Even before Boston was eliminated from the postseason in late April, Celtics fans rushed toward their computers and smartphones curious as to what their team should and will do next.

I imagine the hits at ESPN.com from the New England area increased due to three things: the ongoing soul-sucking Deflategate and basketball fans wearing out the Trade Machine and Lottery Mock Draft Generator. Same probably could be said for DraftExpress.com and their fabulous video reviews of prospects.

Fast forward nearly two months later and with just a week before NBA Draft, anticipation and expectations haven’t diminished much. Despite not landing any one of the coveted first two picks, the intriguing possibilities with what Celtics President of Basketball Operations Danny Ainge will do with the third overall selection, coupled with their seven other picks, have fans counting down the days until the C’s are on the clock.

But as the first chapter of this offseason is soon to get under way, there’s one possibility that hasn’t gotten enough attention: What if the Celtics do virtually nothing in the offseason?

On Monday, Scott Souza of the Metrowest Daily News joined The Adam Jones Show to talk about how patience might be Ainge’s best play.

Via Boston.CBSLocal
“As much as people hate to say this, Ainge has to play the cards dealt to him. At worst, maintain that flexibility going into next year to be able to make a deal,” added Souza. “The one thing you don’t want to do is take the salary cap flexibility and do what Detroit did a few years ago, [signing] Ben Gordon and Charlie Villanueva, tie up that money and you aren’t available to be flexible again.”

Souza isn't the first to suggest this. In his Boston offseason salary cap preview, SI.com writer Nate Duncan on his Dunc'd On podcast talked about how if the Celtics are unable to make a move that has them competing with Cleveland, it's best to not do anything too drastic.
"Unless that trade makes you feel that realistically we got a very good chance at beating the Cavs, I'm not making it," Duncan said. "They have so many of these picks now, you just keep taking swings until you get that superstar. Keep going in the draft and don't trade it away for a mediocre kind of upgrade. And I think it's the same approach as well to all this [cap] space that they have.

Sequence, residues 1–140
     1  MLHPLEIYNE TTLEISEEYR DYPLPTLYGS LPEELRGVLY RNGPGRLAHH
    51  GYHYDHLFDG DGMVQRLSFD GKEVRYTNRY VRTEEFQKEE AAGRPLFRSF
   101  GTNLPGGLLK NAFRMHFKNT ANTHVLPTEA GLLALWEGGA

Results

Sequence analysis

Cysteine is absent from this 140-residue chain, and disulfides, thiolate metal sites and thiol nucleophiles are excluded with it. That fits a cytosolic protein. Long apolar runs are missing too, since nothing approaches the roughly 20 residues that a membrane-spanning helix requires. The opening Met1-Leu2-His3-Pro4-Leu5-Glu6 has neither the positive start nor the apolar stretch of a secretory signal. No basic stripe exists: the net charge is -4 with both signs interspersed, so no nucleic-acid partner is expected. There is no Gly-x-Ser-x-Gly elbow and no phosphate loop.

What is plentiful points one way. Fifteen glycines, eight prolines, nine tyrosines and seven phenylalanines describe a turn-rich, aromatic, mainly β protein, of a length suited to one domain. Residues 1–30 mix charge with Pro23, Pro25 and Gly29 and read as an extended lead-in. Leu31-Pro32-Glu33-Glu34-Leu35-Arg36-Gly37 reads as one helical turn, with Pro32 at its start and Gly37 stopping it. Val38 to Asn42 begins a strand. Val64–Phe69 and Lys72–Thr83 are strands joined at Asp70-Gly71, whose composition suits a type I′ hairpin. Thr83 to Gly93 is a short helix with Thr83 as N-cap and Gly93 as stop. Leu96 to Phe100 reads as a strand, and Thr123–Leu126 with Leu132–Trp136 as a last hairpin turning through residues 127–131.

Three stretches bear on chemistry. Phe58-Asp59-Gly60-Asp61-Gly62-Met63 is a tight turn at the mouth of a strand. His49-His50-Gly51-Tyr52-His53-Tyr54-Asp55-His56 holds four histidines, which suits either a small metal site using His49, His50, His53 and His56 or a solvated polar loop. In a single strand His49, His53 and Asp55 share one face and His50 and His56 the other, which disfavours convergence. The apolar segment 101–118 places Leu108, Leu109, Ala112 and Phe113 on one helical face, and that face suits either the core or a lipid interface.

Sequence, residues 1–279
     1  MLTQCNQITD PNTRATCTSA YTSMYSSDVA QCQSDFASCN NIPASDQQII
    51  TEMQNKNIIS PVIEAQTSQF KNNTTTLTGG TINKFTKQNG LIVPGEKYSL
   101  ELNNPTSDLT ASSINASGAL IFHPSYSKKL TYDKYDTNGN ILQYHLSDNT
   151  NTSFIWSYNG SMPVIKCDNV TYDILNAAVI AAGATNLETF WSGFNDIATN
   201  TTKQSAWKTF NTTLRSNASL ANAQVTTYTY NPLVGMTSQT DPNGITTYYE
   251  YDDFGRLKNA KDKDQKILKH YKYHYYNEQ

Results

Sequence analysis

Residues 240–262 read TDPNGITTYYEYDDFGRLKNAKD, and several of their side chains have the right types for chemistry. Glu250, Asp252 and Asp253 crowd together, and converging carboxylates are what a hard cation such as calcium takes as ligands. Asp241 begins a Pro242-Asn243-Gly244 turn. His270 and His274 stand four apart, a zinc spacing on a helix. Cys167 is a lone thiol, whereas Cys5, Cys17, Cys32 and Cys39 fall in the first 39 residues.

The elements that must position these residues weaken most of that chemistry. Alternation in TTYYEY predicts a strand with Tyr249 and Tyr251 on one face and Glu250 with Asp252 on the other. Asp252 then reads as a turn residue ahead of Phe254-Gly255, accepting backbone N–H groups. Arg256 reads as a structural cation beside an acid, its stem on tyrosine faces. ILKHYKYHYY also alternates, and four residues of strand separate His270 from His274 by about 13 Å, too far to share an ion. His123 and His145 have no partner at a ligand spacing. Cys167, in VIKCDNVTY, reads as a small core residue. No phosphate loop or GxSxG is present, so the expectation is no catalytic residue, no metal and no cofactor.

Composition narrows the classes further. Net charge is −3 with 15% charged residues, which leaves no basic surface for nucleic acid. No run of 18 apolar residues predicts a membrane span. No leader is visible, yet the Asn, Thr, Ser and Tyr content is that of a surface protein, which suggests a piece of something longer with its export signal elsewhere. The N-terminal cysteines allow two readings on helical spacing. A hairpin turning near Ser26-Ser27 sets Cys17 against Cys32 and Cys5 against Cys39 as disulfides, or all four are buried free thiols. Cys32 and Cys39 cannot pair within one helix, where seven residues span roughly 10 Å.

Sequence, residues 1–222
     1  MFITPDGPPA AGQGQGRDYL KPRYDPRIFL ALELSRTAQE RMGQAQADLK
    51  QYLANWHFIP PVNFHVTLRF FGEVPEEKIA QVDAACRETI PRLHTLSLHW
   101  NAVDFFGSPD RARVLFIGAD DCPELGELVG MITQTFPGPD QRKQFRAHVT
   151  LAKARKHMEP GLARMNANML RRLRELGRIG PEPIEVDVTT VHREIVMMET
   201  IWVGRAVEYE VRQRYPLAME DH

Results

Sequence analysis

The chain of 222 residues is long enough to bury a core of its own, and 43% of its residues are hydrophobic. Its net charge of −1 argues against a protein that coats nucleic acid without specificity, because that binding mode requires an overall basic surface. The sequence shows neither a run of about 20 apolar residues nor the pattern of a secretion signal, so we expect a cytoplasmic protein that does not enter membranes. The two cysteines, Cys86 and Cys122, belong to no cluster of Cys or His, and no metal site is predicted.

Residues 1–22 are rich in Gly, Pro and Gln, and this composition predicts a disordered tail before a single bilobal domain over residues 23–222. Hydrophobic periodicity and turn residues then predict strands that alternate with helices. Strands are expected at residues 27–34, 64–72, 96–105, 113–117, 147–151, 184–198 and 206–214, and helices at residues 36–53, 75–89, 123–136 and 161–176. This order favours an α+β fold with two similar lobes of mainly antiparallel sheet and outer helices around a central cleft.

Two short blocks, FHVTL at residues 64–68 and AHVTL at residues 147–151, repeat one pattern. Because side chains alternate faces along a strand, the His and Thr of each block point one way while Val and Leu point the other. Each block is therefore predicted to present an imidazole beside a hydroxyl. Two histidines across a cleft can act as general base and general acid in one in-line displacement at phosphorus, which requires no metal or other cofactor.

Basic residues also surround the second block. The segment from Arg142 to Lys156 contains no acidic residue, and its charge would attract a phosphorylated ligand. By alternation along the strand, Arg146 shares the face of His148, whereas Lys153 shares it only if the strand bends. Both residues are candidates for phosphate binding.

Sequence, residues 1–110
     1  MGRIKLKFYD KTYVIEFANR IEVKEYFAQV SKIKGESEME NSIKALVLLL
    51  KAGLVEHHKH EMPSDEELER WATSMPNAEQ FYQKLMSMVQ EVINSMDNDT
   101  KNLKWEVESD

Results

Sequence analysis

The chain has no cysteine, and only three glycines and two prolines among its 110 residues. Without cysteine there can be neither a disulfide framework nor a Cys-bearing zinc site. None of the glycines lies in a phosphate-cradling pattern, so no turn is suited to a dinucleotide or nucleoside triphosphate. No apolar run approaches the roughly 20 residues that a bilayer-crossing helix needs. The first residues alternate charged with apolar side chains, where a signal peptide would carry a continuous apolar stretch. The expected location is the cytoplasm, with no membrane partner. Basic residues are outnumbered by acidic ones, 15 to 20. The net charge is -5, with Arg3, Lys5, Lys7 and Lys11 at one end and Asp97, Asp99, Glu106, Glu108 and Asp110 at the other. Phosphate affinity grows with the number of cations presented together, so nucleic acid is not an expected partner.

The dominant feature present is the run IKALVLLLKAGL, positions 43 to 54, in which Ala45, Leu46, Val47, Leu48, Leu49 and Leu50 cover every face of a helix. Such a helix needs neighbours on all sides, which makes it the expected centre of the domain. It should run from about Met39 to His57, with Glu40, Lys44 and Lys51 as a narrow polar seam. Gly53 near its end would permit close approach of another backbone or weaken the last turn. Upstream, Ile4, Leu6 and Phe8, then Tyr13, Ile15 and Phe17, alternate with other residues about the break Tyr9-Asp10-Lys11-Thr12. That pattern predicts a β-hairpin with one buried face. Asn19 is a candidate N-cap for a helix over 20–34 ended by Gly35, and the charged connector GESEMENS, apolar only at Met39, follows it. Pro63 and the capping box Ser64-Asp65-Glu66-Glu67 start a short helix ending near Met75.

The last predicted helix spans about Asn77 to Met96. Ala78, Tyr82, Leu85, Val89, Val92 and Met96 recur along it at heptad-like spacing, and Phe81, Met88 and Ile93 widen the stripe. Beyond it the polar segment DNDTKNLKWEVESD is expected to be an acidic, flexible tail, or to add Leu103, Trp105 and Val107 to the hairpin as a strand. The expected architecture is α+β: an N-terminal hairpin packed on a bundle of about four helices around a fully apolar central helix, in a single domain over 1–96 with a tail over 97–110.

"I would want to maintain flexibility. I don't think there is anyone that they can get in free agency this year that I'm like 'oh man, this puts this team over the top.'"

So that begs to question if the Celtics enter next season with a team that looks exactly like it did last year, how would you react?

What if even second-tier free agents like Harrison Barnes and Hassan Whiteside go elsewhere?

Imagine you are sitting on your couch in the middle of February waiting to Mike and Tommy to call the Celtics action, or better yet, imagine you're at the TD Garden sitting in the middle of a sea of green. As you look down on the bench, you see Dragan Bender, Marquese Chriss or any number of the prospects who may not be able to contribute right away sitting in warmups for the entire game.

As all of this is happening, imagine Kevin Durant raining terror from South Beach, Jimmy Butler is playing alongside 2016 NBA Rookie of the Year Karl Anthony Towns, and Sixers' forward Ben Simmons and Lakers' forward Brandon Ingram are battling over the 2017 NBA Rookie of the Year.

If the Celtics don't make any splashy moves and use their lottery pick on a project, will the long-term view be enough to relieve the disappointment from failed expectations in the short term?

Just the remember, the last time the Celtics had this much flexibility, this man was impatiently running things around here. Any Celtics fan over the age of 21 remembers how that went.

Photo Credit: Mary Schwalm/AP
Photo Credit: Steve Senne/AP
Follow Patrick on Twitter: @PatBernadeau

Patrick Bernadeau 6/16/2016 03:14:00 PM Edit
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